With a vote of NFL owners slated for Monday at the Annual League Meeting, the Oakland Raiders are expected to receive approval to relocate to a stadium to be built in Las Vegas.
The potential move by the Raiders is expected to dominate the meeting of owners, coaches and general managers, which begins Sunday in Phoenix. If 24 of the 32 clubs agree -- they almost certainly will, although reluctantly -- the Raiders will play two more years, the 2017 and 2018 seasons, in Oakland before packing up. They would have to play an additional season in an interim stadium -- the league has already looked into which adjustments would be needed to make the University of Nevada, Las Vegas's stadium a viable host for NFL games -- before the new stadium is completed.
"I think in the end there will be a vote and I think it will pass," one team owner said. "I haven't had people lobbying me, so I don't know if [opposition] is out there, but I don't see it."
There are still stumbling blocks that could emerge that would force a vote to be delayed until the Spring League Meeting in May. The biggest potential one: the setting of the relocation fee for the Raiders, which two owners indicated could be a source of contention for some owners. The Rams and Chargers must pay between $550 million and $650 million, depending on financing, for their moves to Los Angeles. Because the Las Vegas market is much smaller and would not boost the valuation of a franchise as much as a move to Los Angeles would, it is expected that the Raiders would pay considerably less -- perhaps half as much. If the vote goes ahead as scheduled Monday, owners could approve the move, contingent on the final setting of the fee at a later date.
Owners and the league had hoped the Raiders would find a way to formulate a stadium deal in Oakland, a much bigger and more lucrative market than Las Vegas. But Raiders owner Mark Davis has had his sights set on Las Vegas for at least one year, starting soon after the Raiders, in a joint effort with the Chargers, lost out in a bid to build a stadium in Los Angeles. And early-stage proposals by Oakland civic leaders and a third-party investment group, which included Hall of Famer Ronnie Lott, were viewed dimly by the league. The idea of having the league build a stadium for the Raiders in Oakland on land the city would lease to the team similarly stalled. Now, say three people familiar with the owners' thinking, owners are resigned to the idea that no viable plan from Oakland is coming anytime soon, so they will reluctantly support the move.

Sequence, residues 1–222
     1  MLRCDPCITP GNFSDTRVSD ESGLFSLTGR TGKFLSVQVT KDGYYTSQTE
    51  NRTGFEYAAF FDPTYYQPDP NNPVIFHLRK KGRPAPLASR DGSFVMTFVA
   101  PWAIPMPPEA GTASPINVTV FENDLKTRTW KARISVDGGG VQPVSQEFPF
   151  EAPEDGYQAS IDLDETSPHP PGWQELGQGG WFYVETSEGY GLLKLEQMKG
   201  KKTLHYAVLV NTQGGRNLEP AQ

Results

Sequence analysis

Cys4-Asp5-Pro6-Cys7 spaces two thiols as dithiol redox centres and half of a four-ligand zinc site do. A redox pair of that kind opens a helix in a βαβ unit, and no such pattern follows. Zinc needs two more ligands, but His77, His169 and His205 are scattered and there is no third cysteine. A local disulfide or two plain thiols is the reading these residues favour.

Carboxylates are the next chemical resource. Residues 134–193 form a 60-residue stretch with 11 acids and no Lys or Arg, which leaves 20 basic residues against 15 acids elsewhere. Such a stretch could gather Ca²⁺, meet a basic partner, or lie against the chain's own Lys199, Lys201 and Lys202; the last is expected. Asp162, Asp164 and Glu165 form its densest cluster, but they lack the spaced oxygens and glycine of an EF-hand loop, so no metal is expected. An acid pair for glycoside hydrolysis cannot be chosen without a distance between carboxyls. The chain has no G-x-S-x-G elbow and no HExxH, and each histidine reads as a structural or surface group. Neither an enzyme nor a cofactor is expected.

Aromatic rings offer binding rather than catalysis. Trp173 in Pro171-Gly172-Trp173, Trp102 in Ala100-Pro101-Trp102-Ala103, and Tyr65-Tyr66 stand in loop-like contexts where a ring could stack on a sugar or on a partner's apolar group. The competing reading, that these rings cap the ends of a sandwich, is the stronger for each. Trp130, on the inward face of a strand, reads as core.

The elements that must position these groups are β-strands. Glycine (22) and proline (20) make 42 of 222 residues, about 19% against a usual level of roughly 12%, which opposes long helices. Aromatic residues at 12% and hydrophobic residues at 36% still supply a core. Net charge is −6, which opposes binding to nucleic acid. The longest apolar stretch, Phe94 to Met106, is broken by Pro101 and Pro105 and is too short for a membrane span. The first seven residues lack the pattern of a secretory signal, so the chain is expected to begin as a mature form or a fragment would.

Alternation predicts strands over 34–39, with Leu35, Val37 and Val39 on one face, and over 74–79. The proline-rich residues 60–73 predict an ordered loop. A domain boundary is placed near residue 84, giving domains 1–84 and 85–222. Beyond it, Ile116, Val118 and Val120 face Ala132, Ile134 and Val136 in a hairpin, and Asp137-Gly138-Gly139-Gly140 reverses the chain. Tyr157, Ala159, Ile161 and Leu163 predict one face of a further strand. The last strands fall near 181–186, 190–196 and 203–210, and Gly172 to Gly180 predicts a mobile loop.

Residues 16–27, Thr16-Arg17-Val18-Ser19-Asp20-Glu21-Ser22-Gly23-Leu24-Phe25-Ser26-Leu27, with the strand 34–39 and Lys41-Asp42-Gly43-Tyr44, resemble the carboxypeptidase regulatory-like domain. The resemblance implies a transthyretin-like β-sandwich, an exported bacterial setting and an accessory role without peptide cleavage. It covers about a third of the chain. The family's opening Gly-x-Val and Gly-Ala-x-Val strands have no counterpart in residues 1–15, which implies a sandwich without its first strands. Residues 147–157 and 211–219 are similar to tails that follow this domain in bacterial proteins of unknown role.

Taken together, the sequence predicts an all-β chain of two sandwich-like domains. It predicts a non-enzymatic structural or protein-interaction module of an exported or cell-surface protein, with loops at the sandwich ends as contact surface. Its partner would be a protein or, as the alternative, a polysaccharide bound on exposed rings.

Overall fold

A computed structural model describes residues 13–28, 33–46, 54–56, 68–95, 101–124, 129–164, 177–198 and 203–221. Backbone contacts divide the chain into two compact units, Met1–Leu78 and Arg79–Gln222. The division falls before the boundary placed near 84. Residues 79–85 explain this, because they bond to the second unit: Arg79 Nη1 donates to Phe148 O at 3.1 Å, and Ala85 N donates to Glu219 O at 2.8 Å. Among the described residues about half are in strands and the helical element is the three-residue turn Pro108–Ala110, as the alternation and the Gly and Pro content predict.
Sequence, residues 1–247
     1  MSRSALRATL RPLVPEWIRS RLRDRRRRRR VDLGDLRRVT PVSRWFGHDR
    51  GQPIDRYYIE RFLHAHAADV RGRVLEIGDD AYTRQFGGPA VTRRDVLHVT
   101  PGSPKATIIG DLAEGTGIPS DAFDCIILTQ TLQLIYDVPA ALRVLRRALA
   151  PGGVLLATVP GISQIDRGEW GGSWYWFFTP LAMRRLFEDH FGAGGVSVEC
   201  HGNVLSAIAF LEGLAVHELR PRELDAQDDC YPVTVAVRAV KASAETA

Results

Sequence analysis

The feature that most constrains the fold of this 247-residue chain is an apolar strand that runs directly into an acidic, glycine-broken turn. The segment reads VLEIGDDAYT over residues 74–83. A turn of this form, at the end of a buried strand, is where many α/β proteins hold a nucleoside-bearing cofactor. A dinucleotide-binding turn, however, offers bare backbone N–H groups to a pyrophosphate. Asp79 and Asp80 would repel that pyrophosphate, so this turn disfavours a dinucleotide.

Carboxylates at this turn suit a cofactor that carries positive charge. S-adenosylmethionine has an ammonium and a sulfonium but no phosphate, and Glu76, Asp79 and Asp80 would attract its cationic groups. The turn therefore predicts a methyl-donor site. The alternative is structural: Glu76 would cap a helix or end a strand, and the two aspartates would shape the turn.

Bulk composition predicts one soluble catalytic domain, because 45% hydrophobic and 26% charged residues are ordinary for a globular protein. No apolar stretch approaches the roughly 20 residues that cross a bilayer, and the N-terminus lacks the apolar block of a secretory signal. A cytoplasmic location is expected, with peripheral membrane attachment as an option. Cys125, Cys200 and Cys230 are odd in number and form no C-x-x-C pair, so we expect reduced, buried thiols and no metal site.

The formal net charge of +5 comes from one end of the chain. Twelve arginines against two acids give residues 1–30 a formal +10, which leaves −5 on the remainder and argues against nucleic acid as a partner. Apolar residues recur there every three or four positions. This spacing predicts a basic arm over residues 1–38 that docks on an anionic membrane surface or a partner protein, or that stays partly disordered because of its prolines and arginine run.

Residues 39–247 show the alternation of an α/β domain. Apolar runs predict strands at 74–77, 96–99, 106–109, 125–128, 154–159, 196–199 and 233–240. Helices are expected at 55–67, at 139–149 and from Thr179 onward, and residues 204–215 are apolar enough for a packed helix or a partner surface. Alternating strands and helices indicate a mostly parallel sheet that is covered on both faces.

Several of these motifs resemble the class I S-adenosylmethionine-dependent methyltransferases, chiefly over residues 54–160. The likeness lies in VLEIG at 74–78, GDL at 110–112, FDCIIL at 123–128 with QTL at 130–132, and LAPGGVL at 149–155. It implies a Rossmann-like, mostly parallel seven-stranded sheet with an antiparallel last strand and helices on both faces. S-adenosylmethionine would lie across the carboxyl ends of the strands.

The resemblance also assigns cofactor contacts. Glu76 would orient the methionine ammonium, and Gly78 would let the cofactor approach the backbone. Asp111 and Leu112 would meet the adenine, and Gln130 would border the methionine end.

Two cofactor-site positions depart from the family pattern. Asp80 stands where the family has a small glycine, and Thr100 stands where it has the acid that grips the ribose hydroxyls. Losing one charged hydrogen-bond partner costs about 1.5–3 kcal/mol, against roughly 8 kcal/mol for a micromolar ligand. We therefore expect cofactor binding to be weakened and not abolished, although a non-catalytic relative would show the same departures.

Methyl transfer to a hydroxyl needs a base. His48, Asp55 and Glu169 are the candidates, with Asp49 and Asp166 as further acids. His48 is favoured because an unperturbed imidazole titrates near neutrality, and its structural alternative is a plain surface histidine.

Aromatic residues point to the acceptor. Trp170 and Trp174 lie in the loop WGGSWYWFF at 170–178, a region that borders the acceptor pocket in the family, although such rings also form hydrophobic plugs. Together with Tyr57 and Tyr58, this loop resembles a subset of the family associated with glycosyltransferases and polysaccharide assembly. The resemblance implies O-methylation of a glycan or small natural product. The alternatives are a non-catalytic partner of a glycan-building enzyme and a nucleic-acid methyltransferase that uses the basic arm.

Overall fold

"The complete lack of any realistic alternative in Oakland is just as big a factor, because nobody really wants to see them move -- you'd really prefer to see them stay in Oakland," a second team owner said. "It just hasn't worked. I don't think there is much, if any, opposition."
The Raiders would be the third NFL team approved for relocation in less than 18 months. The Rams moved from St. Louis to Los Angeles last season and the Chargers surprised the league by announcing they would leave San Diego to join the Rams in Los Angeles for this season. Even though the league hoped to avoid so many relocations, with a Raiders move, the NFL will have solved one of its most intractable stadium problems and, it hopes, put one of its shakiest franchises on more solid financial footing.
"This is a chance to take the worst financially run operation and put it in a place to get it economically sound," the first owner said. "It should take them from the fourth quartile to up around the middle."
The uniqueness of the Raiders' opportunity is driving a good deal of the ownership support, even though there remain some lingering concerns about the size of the Las Vegas market. The stadium deal revolves around $750 million in public funds that would go toward the construction of a new $1.9 billion, 65,000-seat stadium. The presence of so much public money made the proposal compelling, even after casino mogul Sheldon Adelson and investment bank Goldman Sachs pulled out of a deal to be part of the stadium financing (Bank of America later came in to pick up the slack).